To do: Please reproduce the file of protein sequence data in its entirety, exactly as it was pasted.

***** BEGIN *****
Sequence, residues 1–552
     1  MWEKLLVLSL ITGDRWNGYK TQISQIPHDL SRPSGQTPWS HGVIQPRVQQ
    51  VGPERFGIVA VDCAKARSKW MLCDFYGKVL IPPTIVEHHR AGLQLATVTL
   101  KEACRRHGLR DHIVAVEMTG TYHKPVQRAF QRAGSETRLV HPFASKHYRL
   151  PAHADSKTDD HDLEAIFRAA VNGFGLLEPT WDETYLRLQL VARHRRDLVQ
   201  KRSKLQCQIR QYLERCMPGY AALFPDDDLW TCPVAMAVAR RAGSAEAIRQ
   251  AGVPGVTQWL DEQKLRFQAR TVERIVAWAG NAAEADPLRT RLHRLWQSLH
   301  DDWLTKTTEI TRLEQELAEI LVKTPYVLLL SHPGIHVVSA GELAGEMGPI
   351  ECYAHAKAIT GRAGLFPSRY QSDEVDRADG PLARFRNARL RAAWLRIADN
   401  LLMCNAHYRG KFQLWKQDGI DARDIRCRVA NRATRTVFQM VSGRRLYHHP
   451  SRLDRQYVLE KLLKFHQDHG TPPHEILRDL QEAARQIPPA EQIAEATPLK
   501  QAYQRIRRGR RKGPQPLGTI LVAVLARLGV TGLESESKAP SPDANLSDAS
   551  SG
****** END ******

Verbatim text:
Sequence, residues 1–552
     1  MWEKLLVLSL ITGDRWNGYK TQISQIPHDL SRPSGQTPWS HGVIQPRVQQ
    51  VGPERFGIVA VDCAKARSKW MLCDFYGKVL IPPTIVEHHR AGLQLATVTL
   101  KEACRRHGLR DHIVAVEMTG TYHKPVQRAF QRAGSETRLV HPFASKHYRL
   151  PAHADSKTDD HDLEAIFRAA VNGFGLLEPT WDETYLRLQL VARHRRDLVQ
   201  KRSKLQCQIR QYLERCMPGY AALFPDDDLW TCPVAMAVAR RAGSAEAIRQ
   251  AGVPGVTQWL DEQKLRFQAR TVERIVAWAG NAAEADPLRT RLHRLWQSLH
   301  DDWLTKTTEI TRLEQELAEI LVKTPYVLLL SHPGIHVVSA GELAGEMGPI
   351  ECYAHAKAIT GRAGLFPSRY QSDEVDRADG PLARFRNARL RAAWLRIADN
   401  LLMCNAHYRG KFQLWKQDGI DARDIRCRVA NRATRTVFQM VSGRRLYHHP
   451  SRLDRQYVLE KLLKFHQDHG TPPHEILRDL QEAARQIPPA EQIAEATPLK
   501  QAYQRIRRGR RKGPQPLGTI LVAVLARLGV TGLESESKAP SPDANLSDAS
   551  SG